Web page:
Top 3 Reasons Why 400 ppm CO2 Is/Is Not the End of the World, or How I Learned to Stop Worrying and Love Air Conditioning. Part 1: The Numbers

We recently reached an interesting milestone: for the first time in human history, the global monthly average carbon dioxide concentration in the atmosphere exceeded 400 parts per million (ppm). This wasn’t the first time that the 400 ppm barrier had been broken; that occurred at Mauna Loa back in May 2013. But it was the first time that the global monthly average reached this high. In March 2014, the monthly average was 398.1 ppm; in March 2015 it was 400.83 ppm.

The next grim milestone will occur when the average annual concentration exceeds 400 ppm. In 2013, that average was 396.48; in 2014, it was 398.55. Given that the rising concentration of CO2 now exceeds 2 ppm per year, this all but guarantees that 2015 will be the year this happens.

But I await another milestone: the last measurement below 400 ppm. When will that happen?

The best place to watch near-real time CO2 measurements is the website of the Keeling Curve, Disaster junkies such as myself can tune in to see the latest postings. Here are the most recent numbers:




Carbon dioxide varies throughout the year, with September-October producing the lowest readings, and April-May-June producing the highest. Last September-October readings were a bit above 395 ppm; the year before that, they were about 393 ppm. Remember that CO2 is increasing just over 2 ppm per year. So it’s not hard to imagine that this September-October the readings will fall near 397 ppm, and in 2016 they will be about 399 ppm, just below the brink. This suggests the last sub-400 readings should occur between September-October 2017. And then that’s it. They can throw away the “3” because they’re never going to need it again.

Think about this: When that last measurement below 400 ppm is taken, there will never be another such reading in your lifetime. Nor in your children’s lifetime. Nor in your grandchildren’s and great-grandchildren’s lifetimes. The next time a sub-400 number occurs, will anyone be there to measure it? Let’s not get too far ahead of ourselves in presuming the survivability of our species.

So what does this milestone mean? Well, for one thing, it marks a new era for our species. When Homo sapiens emerged about 200,000 years ago, CO2 was closer to 250 ppm, as you can see in this 800,000-year chart of CO2:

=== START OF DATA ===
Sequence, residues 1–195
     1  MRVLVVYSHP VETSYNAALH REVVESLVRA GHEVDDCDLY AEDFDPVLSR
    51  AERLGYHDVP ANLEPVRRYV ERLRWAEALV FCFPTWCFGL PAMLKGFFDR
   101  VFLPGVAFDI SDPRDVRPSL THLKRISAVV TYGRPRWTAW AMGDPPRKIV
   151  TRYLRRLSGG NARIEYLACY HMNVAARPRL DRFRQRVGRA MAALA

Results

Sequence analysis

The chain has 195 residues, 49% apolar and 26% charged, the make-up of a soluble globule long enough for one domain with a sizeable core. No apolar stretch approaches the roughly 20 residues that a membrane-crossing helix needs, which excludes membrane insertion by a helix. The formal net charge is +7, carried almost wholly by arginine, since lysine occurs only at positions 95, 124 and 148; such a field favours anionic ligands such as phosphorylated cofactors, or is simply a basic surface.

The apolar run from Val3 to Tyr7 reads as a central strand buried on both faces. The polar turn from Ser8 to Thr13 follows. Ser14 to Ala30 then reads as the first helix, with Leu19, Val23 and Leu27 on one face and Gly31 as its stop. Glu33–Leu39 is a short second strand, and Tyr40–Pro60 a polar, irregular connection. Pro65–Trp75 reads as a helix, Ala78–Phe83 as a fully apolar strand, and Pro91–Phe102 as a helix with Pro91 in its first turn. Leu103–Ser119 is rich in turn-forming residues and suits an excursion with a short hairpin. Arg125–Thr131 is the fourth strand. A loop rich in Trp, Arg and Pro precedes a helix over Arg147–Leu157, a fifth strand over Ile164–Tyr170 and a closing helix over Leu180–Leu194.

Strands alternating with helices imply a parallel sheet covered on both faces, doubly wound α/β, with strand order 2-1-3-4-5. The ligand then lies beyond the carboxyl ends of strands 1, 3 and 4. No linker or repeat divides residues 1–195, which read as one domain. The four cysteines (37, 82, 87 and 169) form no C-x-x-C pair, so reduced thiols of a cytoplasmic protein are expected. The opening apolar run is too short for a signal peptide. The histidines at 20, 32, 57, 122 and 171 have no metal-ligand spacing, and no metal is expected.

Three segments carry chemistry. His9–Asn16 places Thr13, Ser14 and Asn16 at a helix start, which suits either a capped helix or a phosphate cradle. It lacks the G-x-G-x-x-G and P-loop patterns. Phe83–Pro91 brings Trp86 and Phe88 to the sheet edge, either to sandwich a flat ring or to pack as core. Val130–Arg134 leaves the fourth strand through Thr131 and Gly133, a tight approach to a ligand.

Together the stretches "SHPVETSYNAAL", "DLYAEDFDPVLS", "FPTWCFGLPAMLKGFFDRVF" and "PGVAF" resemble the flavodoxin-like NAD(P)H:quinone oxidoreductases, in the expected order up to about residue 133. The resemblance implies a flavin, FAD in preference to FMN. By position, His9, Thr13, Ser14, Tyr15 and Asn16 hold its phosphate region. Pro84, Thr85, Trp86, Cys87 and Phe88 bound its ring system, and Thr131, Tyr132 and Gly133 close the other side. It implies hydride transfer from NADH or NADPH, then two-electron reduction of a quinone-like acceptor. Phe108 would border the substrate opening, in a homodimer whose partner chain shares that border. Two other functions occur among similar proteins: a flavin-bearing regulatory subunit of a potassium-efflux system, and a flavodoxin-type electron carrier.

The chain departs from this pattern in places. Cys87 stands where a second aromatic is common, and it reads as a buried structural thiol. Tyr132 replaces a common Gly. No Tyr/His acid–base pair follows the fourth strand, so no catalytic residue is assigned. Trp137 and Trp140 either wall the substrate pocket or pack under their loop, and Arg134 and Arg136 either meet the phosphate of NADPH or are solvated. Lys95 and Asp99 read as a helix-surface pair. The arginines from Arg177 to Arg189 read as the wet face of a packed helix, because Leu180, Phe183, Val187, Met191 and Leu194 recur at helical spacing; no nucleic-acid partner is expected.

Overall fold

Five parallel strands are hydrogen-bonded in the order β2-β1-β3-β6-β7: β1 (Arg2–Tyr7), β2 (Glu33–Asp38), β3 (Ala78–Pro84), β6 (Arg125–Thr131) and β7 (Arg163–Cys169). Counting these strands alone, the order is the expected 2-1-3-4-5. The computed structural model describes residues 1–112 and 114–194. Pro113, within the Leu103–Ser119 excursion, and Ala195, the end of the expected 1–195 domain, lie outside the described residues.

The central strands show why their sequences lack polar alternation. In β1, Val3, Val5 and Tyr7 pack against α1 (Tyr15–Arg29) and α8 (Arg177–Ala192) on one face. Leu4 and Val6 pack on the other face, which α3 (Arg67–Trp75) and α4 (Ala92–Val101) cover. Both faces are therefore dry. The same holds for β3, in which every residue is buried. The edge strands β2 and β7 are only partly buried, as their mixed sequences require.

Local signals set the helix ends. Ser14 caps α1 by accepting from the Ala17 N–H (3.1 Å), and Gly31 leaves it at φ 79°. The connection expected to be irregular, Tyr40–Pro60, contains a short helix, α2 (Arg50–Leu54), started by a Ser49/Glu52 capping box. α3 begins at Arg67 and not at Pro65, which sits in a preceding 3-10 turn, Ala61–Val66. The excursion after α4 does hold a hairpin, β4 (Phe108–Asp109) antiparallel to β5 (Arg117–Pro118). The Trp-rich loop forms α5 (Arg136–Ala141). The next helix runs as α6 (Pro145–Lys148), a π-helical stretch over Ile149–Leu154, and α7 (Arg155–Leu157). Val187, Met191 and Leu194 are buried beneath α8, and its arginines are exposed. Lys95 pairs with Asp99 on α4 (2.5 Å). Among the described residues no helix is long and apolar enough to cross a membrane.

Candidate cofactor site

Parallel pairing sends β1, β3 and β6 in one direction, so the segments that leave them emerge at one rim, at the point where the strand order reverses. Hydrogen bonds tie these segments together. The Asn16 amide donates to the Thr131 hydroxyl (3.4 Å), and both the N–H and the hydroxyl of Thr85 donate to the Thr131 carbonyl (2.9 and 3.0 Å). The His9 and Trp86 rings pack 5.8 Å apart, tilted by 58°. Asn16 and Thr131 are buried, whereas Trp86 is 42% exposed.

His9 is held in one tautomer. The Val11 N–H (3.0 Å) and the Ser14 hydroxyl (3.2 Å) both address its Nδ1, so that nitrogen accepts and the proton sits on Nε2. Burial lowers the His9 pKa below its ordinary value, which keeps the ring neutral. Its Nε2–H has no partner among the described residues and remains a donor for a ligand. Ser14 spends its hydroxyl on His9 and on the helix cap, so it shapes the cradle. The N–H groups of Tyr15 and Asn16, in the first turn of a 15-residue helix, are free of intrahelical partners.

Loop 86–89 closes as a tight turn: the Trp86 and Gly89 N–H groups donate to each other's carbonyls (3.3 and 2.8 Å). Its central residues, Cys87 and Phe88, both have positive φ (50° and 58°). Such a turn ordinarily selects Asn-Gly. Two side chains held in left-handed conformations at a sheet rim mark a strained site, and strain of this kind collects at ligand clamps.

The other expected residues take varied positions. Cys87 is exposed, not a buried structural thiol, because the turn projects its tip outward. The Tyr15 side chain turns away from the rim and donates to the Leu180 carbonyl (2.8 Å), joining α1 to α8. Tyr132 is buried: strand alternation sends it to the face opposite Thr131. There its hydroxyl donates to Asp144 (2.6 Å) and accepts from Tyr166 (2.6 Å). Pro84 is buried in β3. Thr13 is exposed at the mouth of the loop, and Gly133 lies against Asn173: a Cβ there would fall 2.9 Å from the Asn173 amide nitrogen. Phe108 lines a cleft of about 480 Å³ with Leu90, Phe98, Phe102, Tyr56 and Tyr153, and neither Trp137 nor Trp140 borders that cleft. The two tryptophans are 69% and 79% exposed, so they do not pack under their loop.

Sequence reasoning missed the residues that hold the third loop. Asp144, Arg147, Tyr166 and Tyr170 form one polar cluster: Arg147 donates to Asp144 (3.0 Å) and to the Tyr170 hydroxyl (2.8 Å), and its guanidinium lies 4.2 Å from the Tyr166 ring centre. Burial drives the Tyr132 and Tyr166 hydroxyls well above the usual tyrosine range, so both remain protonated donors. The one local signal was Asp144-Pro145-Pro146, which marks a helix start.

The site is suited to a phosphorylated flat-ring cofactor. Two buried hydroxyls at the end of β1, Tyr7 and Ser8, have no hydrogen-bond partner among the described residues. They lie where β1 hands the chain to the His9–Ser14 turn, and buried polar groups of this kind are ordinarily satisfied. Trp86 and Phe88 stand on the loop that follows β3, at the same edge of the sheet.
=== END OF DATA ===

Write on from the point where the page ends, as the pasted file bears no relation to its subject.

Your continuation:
800 ka co2



We’ve come a long way, baby. In 800,000 years, carbon dioxide numbers have never been this high; in fact, we need to go back over three million years to find comparable numbers. Human beings have never lived in a world with this much carbon dioxide.

But why stop at 400 ppm? The rate of CO2 increase is accelerating. Between 1965-1974, the average annual jump in CO2 was 1.06 ppm. Between 2005-2014, that rate doubled to 2.11 ppm.

rates of co2 increase



How long will it take us to reach 500 ppm CO2? There are many variables in such a calculation  (note that between 1985-1994, the rate of increase went slightly down compared to the previous decade). A variety of models produced by the IPCC show a range of projected increases:

ipcc co2 projections

While these projections differ widely at the year 2100, they also show that in most cases, CO2 should exceed 500 ppm by the year 2050. That’s only 35 years away. A child born today will barely have moved out of Mom’s basement (at least, judging by some millennials) by the time CO2 reaches 500 ppm. The hundred-point rise between 300 to 400 ppm took about a century; the rise between 400 to 500 ppm will take only about 35 years, and with accelerating rates, the rise to 600 ppm will happen even faster.

We have created a different world. No one intended to create it at the start of the Industrial Revolution. But ton after ton of coal shoveled year after year into row upon row of smoking furnaces and hissing boilers, stretching to the crimson horizon, has spawned a sulfurous monster, a sooty golem who now awakens to stalk the earth.

In Part 2 we’ll examine what living in a 400 ppm world means.


Short Bio

Steve Newton is a former Programs and Policy Director at NCSE.